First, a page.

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Melt Winter Ice & Snow Without Killing Your Lawn or Plants

Dec 3, 2009 | Gardens, Lawns, Services

By Sam Nelson
Landscape Designer, Johnsons Landscaping Service, Inc.

When winter weather transforms your sidewalk and driveway into a dangerous skating rink, how do you melt the ice and snow without destroying your lawn and ornamental plants?

frozen branches and leaves

The key is to choose an environmentally safer deicer, use it in moderation and according to instructions, and to apply it before it begins to sleet or snow.

All chemical deicers essentially work in the same manner, by lowering the freezing point of water.  The most common ice melter is sodium chloride (NaCl), otherwise known as good old-fashioned rock salt.  Its popularity can be attributed to its low price and wide availability.  However, since salt water still freezes at 0°F (or -18°C), it is of little help when the temperature falls below this point.  Rock salt can also be destructive:  it can corrode your car and your concrete walkway, and it can damage or kill your lawn and ornamental plants.

A better bet is to use one of the alternatives, safer salts on the market. These include Calcium Chloride (CaCl2),  Magnesium Chloride (MgCl2), and Potassium Chloride (KCl).  In general, these salts are more effective in reducing the freezing point of water to a lower temperature than rock salt, thus making them more effective in colder weather.  Moreover, they tend to be less corrosive to metals and concrete, and are safer for lawns and ground-covers.  Be sure to carefully look at the manufacturer’s label for the listing of chemicals.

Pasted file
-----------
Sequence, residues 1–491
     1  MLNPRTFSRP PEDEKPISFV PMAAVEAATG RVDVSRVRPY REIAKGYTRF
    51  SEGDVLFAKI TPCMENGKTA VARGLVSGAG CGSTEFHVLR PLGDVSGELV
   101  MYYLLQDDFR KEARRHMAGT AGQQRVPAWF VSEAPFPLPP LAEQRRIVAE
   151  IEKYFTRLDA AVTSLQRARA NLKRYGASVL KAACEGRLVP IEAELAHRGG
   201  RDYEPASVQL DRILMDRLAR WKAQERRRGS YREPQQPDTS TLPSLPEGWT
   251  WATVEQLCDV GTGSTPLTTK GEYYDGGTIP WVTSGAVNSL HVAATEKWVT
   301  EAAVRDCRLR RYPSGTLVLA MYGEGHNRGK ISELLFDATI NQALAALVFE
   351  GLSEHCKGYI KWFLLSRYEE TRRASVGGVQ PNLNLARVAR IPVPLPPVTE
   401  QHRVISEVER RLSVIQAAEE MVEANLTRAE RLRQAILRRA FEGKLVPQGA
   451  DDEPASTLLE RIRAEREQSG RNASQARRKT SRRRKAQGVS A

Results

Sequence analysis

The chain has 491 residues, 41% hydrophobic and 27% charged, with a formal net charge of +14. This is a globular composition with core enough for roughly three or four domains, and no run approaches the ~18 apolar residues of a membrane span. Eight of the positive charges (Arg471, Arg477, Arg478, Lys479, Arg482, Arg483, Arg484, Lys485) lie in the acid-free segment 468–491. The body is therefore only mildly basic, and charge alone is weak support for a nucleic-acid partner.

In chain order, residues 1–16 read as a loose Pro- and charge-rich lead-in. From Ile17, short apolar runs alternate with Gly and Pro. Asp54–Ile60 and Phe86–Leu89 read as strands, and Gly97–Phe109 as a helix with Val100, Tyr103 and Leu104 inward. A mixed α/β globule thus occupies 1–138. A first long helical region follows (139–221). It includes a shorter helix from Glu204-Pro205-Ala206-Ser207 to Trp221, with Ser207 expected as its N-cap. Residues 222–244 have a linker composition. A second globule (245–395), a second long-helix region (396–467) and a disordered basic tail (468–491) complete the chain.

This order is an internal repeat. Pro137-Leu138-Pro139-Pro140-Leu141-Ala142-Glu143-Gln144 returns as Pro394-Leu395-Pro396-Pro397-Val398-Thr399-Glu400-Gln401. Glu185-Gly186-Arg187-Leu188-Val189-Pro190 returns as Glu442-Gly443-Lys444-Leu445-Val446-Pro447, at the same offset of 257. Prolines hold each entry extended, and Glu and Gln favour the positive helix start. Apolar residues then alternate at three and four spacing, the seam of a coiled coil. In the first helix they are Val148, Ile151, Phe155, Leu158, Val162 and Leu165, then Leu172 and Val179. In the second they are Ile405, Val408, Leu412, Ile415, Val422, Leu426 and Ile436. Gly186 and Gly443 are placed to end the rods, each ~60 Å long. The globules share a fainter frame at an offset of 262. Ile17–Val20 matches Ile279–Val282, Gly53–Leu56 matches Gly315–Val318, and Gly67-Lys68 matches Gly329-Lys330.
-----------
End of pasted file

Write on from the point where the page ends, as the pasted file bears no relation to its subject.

A newer, salt-free melting agent is calcium magnesium acetate (CMA), which is made from dolomitic limestone and acetic acid (the main compound of vinegar). This material has little impact on plants and animals and is a good alternative for environmentally-sensitive areas.  Pelleted fertilizers containing ammonium nitrate or ammonium sulfate are sometimes also used for melting snow and ice, but these tend to damage concrete more than the salts.  For locations where chemical deicers are not appropriate, sand, kitty litter, or gravel can provide some traction, but they will not melt ice or snow.

Whatever product you choose, be sure to read the manufacturer’s instructions carefully and do not over-apply.  Too many people erroneously believe that if 8 ounces is good, then 16 ounces must be better.    Improper use of any chemical deicer may cause plant injury, which appears as drying, stunting, dieback, or “burning” of the foliage.

(Sam Nelson is a landscape designer for Johnson’s Landscaping Service, Inc.)

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About the Author

Matt Johnson grew up in a family of landscapers and gardeners as the grandson of Raymond Johnson (Founder, 1933, Johnson's Florist and Garden Center) and son of James and Carol Johnson (Founders, 1960, Johnson's Landscaping Service, Inc.). Since 2007, he has led Johnson's Landscaping Service with his brother, Charlie.  Matt and his wife Jaime live in Petworth in Northwest DC with their 3 sons and 2 big dogs.

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